Ball caps, jackets, logoed merchandise, pizza, points, gift cards, and discounts – the list of incentives for workplace safety goes on. Whatever the reward, the idea is that employers give workers something in exchange for desired behavior or action. However, some critics point out that employees might hide injuries in order to get the reward.
For example, Aubrey Daniels International senior vice president for safety, Janet Agnew sees no role for incentives as businesses usually use them. “The problem with any kind of incentive that has a monetary value (beyond maybe a pizza) is that it can motivate some people to do things, including lying and cheating, that they wouldn’t otherwise do to get the incentive,” says Agnew. She’s also concerned that workers can behave unsafely, and if they don’t get caught, still earn a reward. The thinking goes that as long as there’s no accident, the employee deserves the incentive.
What’s more, adds Agnew, while employees like getting “stuff,” they don’t believe incentives influence their daily safety behavior. She defines an incentive as a reward that’s tied to something that might happen in the future if one doesn’t engage in a particular behavior.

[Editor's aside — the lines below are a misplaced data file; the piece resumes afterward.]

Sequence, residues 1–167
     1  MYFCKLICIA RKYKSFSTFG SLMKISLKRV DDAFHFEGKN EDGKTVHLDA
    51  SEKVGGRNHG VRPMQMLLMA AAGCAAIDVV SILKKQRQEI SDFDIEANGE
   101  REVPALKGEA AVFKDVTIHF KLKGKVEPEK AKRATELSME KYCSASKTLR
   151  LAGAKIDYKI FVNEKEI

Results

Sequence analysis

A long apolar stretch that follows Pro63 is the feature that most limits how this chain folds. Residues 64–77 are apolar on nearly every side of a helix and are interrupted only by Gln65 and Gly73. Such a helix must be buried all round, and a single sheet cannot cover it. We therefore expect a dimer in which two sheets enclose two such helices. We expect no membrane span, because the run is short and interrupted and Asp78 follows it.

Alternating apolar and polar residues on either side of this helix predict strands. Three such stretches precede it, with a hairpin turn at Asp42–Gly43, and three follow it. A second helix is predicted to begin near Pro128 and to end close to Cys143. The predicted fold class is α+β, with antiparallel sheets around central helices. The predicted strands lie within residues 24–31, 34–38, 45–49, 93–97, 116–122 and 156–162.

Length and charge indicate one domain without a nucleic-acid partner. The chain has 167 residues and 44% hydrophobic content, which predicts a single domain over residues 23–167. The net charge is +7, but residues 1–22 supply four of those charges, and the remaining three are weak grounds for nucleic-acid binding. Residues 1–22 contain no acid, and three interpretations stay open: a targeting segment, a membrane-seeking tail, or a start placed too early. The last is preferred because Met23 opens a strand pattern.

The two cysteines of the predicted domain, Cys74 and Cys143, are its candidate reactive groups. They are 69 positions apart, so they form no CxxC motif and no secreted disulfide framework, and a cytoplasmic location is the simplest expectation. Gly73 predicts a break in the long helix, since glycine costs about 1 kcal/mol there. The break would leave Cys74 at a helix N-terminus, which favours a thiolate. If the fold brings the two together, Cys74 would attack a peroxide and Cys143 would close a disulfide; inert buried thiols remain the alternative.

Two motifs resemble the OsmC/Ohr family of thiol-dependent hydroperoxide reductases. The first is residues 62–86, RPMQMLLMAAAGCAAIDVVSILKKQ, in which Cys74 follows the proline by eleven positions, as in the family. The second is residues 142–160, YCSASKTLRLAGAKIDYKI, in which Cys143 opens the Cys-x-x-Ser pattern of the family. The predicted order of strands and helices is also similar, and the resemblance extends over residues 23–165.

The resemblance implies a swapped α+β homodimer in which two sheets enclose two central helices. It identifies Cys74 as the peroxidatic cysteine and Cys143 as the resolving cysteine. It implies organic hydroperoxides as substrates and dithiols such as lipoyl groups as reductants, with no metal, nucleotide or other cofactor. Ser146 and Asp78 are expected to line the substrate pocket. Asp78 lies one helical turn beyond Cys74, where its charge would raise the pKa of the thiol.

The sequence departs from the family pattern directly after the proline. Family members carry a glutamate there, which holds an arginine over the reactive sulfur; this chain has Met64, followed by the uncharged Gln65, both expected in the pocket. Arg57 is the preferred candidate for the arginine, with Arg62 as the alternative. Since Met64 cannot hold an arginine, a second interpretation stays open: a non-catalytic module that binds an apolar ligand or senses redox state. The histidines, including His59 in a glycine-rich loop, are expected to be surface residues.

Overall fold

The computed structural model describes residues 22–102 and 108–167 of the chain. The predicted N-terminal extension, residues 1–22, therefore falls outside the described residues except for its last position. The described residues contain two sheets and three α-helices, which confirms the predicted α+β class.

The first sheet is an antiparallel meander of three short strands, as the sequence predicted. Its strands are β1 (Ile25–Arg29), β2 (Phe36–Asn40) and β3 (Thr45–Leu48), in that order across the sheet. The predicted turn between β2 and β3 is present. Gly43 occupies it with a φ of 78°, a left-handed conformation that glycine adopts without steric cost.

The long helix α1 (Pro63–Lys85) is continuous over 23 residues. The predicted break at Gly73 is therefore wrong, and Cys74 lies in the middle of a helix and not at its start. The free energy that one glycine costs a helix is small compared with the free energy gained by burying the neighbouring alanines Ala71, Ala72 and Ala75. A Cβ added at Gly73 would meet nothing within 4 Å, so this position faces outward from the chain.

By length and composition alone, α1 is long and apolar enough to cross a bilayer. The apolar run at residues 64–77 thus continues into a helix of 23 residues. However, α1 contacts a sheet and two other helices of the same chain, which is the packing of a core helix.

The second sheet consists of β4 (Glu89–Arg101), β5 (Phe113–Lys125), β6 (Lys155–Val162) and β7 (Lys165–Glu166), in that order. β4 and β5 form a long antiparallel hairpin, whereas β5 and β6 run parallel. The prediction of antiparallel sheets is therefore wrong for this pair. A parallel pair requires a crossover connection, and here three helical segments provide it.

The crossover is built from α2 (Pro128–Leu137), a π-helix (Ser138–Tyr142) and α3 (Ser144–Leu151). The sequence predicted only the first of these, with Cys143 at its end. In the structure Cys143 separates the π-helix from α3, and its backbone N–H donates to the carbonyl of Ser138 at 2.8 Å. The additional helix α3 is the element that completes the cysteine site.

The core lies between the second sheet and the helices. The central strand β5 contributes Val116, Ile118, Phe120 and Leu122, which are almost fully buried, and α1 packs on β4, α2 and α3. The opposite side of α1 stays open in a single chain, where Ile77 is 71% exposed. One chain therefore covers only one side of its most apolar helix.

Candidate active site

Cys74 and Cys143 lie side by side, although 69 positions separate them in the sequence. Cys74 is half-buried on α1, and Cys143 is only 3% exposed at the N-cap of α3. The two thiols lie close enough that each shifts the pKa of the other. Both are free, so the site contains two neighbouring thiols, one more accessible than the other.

Agnew prefers the concept of reinforcement to incentives. Although, the most typical form of reinforcement is a positive comment, it also makes sense to reinforce an action by making it easier for employees to do. “Often in safety,” says Agnew, “we make it difficult to do the right thing, like requiring people to sit down and file complicated paperwork to report a hazard.” Implementing a hassle-free system, such as a hot line for oral reporting, reinforces the desired action by making it easier.
Companies can engineer reinforcement into the work process, or encourage it by the way they plan work. “If you’ve have money to spend on safety, I would analyze your organizational and management systems and ask what you can do to make it easier and more reinforcing to do the right things,” Agnew suggests.